WE are recording artistes. This is not the royal ‘we’. This is Pete and me. You remember? The infamous band Jam To-morrow? No? Thought not.
Anyway, we’re in a basement studio in north Leeds and it’s a padded cell.
Graham, the studio manager and engineer, amiable, bearded, shakes hands. We unpack our kit and plug it in while Graham rustles up a strong cup of tea.
I notice a stack of broken cymbals. “How do you break cymbals?” I ask. “You should see some of the boys who come here to rehearse,” says Graham ominously. “They know how to hit hard. It’s surprising how many cymbals they break.”
I was chatting recently with George Gray, lead guitarist for 45 years now with legendary Huddersfield blues band Ckreed. They once put down 19 live tracks in one session.
“It was a long day,” George conceded. And it has to be said that Ckreed know their cover stuff backwards, whereas Pete and I were still writing the lyrics for Syringa Street the day before we were recording.
Syringa Street, Marsh? Well, why not, if the Beatles can write about Penny Lane?
Mixing desks the size of a grand piano are not, it seems, any longer in vogue. Graham operates a desk little larger than a laptop keyboard and the action takes place now on a computer screen with a couple of piano-like keyboards that can give you believable farmyard noises, helicopters landing, two dozen different piano sounds, orchestras, strings, brass, woodwind and any percussion you could conceivably need.
Pete and I decline the use of a drummer.
“I can call him if you want,” says Graham. “The only thing is, I know for a fact he was out late last night and won’t be 100% with us.”
That decides it. Graham, turn on the ‘drum’ switch and keyboard it all into place.
Pete and I get miked and headphoned up. Bass guitar and electro-acoustic goes into ‘DI’ and straight to the engineer’s desk.
I use a heavy pick or plectrum which gives my sound a ‘burr’. To blur that signature Graham puts a second microphone next to the guitar fretboard. My guitar, then, has two simultaneous inputs.
For sound engineering, as for most other specialist activities, there is code. DI is not detective inspector in this instance, it is Direct Input. EQ, as I understand it, is short for equalising in which the signature of a moment of sound is compressed and subtly manipulated and those changes applied to the rest of the track.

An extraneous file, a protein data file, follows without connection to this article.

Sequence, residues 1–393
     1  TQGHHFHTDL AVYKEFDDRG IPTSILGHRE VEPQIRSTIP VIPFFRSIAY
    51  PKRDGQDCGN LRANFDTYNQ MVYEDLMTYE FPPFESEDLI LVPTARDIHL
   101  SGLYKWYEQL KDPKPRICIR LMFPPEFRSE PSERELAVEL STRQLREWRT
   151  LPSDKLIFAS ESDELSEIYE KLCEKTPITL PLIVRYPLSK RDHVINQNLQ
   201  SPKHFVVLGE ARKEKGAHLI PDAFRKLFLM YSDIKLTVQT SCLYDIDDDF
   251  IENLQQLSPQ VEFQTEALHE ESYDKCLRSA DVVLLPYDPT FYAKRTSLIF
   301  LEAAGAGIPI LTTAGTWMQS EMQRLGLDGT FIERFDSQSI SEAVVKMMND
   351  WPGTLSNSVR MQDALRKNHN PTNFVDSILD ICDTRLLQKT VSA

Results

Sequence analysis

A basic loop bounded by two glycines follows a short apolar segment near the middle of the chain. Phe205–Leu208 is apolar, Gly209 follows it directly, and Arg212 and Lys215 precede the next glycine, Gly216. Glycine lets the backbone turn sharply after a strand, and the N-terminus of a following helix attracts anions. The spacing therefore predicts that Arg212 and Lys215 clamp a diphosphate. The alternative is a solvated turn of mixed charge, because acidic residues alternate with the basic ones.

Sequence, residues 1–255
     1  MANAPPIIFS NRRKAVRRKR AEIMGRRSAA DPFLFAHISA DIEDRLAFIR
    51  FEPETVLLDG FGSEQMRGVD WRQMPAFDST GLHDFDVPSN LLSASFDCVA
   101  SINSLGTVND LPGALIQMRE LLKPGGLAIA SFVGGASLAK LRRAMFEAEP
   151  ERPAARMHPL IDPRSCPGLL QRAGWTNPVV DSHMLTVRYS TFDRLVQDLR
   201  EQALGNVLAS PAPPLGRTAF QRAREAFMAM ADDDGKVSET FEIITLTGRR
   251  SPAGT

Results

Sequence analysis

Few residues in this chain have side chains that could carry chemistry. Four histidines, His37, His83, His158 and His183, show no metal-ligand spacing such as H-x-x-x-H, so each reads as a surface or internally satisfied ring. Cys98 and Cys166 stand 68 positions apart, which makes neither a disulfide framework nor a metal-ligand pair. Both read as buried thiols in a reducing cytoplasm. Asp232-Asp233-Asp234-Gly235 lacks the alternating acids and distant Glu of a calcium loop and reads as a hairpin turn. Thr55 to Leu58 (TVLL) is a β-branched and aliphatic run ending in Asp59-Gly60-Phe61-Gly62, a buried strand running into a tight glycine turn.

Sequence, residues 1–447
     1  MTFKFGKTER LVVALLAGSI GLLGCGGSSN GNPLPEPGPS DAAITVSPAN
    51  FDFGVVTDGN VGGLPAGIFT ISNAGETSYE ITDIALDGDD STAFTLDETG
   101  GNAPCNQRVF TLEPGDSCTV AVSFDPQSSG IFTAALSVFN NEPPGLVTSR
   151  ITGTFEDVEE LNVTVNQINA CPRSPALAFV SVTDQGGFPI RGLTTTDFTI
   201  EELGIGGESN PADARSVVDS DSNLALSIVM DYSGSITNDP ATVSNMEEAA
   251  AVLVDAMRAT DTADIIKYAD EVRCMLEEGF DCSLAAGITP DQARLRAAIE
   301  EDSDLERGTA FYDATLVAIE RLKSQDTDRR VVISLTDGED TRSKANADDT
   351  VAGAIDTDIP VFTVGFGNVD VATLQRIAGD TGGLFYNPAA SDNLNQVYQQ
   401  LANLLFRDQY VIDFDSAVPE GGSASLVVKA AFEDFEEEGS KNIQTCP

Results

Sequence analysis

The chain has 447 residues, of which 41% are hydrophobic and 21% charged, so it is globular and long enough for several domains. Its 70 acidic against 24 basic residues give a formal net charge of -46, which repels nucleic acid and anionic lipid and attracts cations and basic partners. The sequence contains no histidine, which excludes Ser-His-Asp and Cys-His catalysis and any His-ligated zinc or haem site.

Then you can ‘EQ’ all the threads of a song together to bring, say, percussion, bass, lead, rhythm, vocal or any other element to the fore or send it back. This is called mixing and is the stage before mastering.
Vocals go down on a second track so to keep us in line I mouth the songs’ words. We get most of the stuff down in one take, but when we go wrong – on the song called Love Rock And Roll, for instance, a song we can normally play in our sleep – it takes half a dozen calls.
Errors repeat themselves and become imprinted. Graham knows this and uses patience and psychology to get us over the problem.
Then it’s my turn. Pete and Graham lock themselves behind the engineering room’s heavy double glazing and I’m alone with a serious microphone that pretty much picks up my heartbeat.
“Let’s get in close for Baby Blue Eyes,” says Graham. “It’s an intimate song, not a shouter. The sound needs to be dry.” Another technical term. I’d have thought getting nearer the mic would have made for a wetter sound ...
Graham adds a soft jazz piano bridge and we move on. Harvest Moon and then Love Rock And Roll and, finally, Syringa Street, get inspirational inserts of lead guitar from Pete and Harvest Moon runs out on a clever little fade from Graham.
Our agreement was four songs but this, Graham reminds us, is negotiable if we want to get a rough version of a fifth song down. Pete and I confer. We don’t because time is getting on and we’d like to take home a mix, if not the mastered version.
Graham’s final words: “Don’t record, mix and master in one day. Sleep on it. Bring a fresh ear to it the next day. Things will occur to you later that were not apparent when you recorded them.”
And then he’s off to teach an early evening music class and later to compere an open mic night.
The day is only six hours long but is strangely exhausting. We play the mixed versions in the car on the way home. Twice.